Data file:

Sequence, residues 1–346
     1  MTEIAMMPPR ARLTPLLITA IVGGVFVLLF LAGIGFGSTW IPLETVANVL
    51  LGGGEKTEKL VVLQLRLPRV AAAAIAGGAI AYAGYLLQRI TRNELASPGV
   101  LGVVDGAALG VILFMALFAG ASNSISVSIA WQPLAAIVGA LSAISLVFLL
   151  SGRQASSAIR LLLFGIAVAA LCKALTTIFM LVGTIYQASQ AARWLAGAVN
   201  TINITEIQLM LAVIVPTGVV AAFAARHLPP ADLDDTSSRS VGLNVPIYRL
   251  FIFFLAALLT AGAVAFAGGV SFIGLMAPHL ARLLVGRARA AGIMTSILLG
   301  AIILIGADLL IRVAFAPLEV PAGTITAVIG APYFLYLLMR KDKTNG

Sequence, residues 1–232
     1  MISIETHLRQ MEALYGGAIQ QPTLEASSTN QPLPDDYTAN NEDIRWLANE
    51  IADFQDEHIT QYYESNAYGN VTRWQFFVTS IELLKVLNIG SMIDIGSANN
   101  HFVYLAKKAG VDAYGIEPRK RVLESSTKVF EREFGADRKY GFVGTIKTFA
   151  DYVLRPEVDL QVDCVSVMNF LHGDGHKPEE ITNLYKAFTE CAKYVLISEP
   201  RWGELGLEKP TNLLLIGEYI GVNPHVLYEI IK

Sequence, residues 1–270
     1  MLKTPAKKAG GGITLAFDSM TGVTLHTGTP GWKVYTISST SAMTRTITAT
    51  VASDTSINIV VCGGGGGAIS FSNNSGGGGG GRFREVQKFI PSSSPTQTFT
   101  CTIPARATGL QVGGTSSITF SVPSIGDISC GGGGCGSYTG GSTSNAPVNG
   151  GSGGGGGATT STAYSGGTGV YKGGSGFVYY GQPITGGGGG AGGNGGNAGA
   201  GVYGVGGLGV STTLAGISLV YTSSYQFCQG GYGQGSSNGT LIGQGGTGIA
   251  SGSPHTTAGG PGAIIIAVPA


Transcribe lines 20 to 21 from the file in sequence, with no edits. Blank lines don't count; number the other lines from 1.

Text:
   201  GVYGVGGLGV STTLAGISLV YTSSYQFCQG GYGQGSSNGT LIGQGGTGIA
   251  SGSPHTTAGG PGAIIIAVPA